Text: H.R.1036 — 115th Congress (2017-2018)All Information (Except Text)

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Introduced in House (02/14/2017)


115th CONGRESS
1st Session
H. R. 1036


To amend the Immigration and Nationality Act to promote family unity, and for other purposes.


IN THE HOUSE OF REPRESENTATIVES

February 14, 2017

Mr. O'Rourke (for himself, Mr. Pearce, and Mr. Swalwell of California) introduced the following bill; which was referred to the Committee on the Judiciary


A BILL

To amend the Immigration and Nationality Act to promote family unity, and for other purposes.

Be it enacted by the Senate and House of Representatives of the United States of America in Congress assembled,

SECTION 1. Short title.

This Act may be cited as the “American Families United Act”.

SEC. 2. Findings.

Congress finds the following:

(1) The rights and interests of U.S. citizens should be protected by our Nation’s immigration laws.

(2) It is the intent of Congress to provide the Attorney General and Secretary of Homeland Security with the limited ability to provide fairness to the spouses, children and parents of American citizens in immigration proceedings on a case-by-case basis.

SEC. 3. Rules of Construction.

Nothing in this Act shall be construed—

(1) to provide the Attorney General or the Secretary of Homeland Security with the ability to expand the discretionary authority beyond a case-by-case basis; or

(2) to provide, confirm or concur legalization or nationalization of persons covered under this Act, it is solely designed to address hardships incurred by a small minority of American families that are adversely affected by inadmissibility and deportation provisions that cause family separation.

SEC. 4. Waivers of inadmissibility.

(a) Aliens who entered as children.—Section 212(a)(9)(B)(iii) of the Immigration and Nationality Act (8 U.S.C. 1182(a)(9)(B)(iii)) is amended by adding at the end the following:

“(VI) ALIENS WHO ENTERED AS CHILDREN.—Clause (i) shall not apply to an alien who is the beneficiary of an approved petition under section 101(a)(15)(H) and who has earned a baccalaureate or higher degree from a United States institution of higher education (as defined in section 101(a) of the Higher Education Act of 1965 (20 U.S.C. 1001(a))), and had not yet reached the age of 16 years at the time of initial entry to the United States.”.

(b) Aliens unlawfully present.—Section 212(a)(9)(B)(v) of the Immigration and Nationality Act (8 U.S.C. 1181(a)(9)(B)(v)) is amended—

(1) by striking “spouse or son or daughter” and inserting “spouse, son, daughter, or parent”;

(2) by striking “extreme”; and

(3) by inserting “, child,” after “lawfully resident spouse”.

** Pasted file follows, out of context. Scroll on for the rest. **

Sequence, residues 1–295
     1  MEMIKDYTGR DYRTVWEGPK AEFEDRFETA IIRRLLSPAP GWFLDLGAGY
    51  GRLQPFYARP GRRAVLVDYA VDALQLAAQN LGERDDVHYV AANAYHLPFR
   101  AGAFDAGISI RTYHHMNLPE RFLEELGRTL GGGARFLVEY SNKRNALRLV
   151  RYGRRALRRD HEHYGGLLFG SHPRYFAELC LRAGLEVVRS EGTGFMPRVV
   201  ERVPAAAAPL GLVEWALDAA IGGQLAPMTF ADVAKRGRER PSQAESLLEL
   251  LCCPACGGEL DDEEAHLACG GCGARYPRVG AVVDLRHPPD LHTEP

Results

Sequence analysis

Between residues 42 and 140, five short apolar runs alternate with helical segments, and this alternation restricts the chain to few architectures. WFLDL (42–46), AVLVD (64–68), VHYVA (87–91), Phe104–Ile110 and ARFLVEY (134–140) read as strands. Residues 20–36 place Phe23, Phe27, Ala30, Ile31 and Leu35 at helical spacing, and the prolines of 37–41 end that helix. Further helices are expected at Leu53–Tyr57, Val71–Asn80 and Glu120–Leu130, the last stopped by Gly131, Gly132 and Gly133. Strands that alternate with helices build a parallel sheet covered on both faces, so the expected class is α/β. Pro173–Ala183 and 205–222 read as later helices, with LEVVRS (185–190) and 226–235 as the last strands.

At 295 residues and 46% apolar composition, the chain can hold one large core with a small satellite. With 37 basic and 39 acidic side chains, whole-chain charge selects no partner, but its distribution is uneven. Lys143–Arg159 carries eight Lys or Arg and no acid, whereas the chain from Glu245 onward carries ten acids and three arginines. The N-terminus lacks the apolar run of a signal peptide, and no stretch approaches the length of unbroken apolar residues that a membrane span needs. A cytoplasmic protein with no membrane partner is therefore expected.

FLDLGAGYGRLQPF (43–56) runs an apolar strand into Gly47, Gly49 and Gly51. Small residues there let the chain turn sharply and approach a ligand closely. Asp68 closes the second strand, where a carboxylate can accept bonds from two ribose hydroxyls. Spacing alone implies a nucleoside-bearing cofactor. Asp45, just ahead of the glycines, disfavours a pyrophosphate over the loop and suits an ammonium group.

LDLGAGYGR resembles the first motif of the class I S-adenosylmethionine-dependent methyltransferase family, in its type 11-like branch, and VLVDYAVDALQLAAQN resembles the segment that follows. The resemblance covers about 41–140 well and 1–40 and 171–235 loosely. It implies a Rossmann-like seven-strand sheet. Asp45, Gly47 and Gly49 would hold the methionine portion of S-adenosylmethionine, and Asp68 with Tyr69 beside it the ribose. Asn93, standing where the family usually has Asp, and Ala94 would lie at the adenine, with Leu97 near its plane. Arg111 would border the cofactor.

(c) Previous immigration violations.—Section 212(a)(9)(C)(i) of the Immigration and Nationality Act (8 U.S.C. 1182(a)(9)(C)(i)) is amended by adding “, other than an alien described in clause (iii) or (iv) of subparagraph (B),” after “Any alien”.

(d) False claims.—

(1) INADMISSIBILITY.—

(A) IN GENERAL.—Section 212(a)(6)(C) of the Immigration and Nationality Act (8 U.S.C. 1182(a)(6)(C)) is amended to read as follows:

“(C) MISREPRESENTATION.—

“(i) IN GENERAL.—Any alien who, by fraud or willfully misrepresenting a material fact, seeks to procure (or within the last 3 years has sought to procure or has procured) a visa, other documentation, or admission into the United States or other benefit provided under this Act is inadmissible.

“(ii) FALSELY CLAIMING CITIZENSHIP.—

“(I) INADMISSIBILITY.—Subject to subclause (II), any alien who knowingly misrepresents himself or herself to be a citizen of the United States for any purpose or benefit under this chapter (including section 274A) or any other Federal or State law is inadmissible.

“(II) SPECIAL RULE.—An alien shall not be inadmissible under this clause if the misrepresentation described in subclause (I) was made by the alien when the alien—

“(aa) was under 18 years of age; or

“(bb) otherwise lacked the mental competence to knowingly misrepresent a claim of United States citizenship.

“(iii) WAIVER.—The Attorney General or the Secretary of Homeland Security may, in the discretion of the Attorney General or the Secretary, waive the application of clause (i) or (ii)(I) for an alien, regardless whether the alien is within or outside the United States, if the Attorney General or the Secretary find that a determination of inadmissibility to the United States for such alien would—

“(I) result in hardship to the alien or to the alien’s parent, spouse, son, or daughter who is a citizen of the United States or an alien lawfully admitted for permanent residence; or

“(II) in the case of a VAWA self-petitioner, result in hardship to the alien or a parent or child of the alien who is a citizen of the United States, an alien lawfully admitted for permanent residence, or a qualified alien (as defined in section 431 of the Personal Responsibility and Work Opportunity Reconciliation Act of 1996 (8 U.S.C. 1641(b))).

For purposes of this clause, family separation in and of itself shall be deemed to be a hardship.

“(iv) LIMITATION ON REVIEW.—No court shall have jurisdiction to review a decision or action of the Attorney General or the Secretary regarding a waiver under clause (iii).”.

(B) CONFORMING AMENDMENT.—Section 212 of the Immigration and Nationality Act (8 U.S.C. 1182) is amended by striking subsection (i).

(2) DEPORTABILITY.—Section 237(a)(3)(D) of the Immigration and Nationality Act (8 U.S.C. 1227(a)(3)(D)) is amended to read as follows: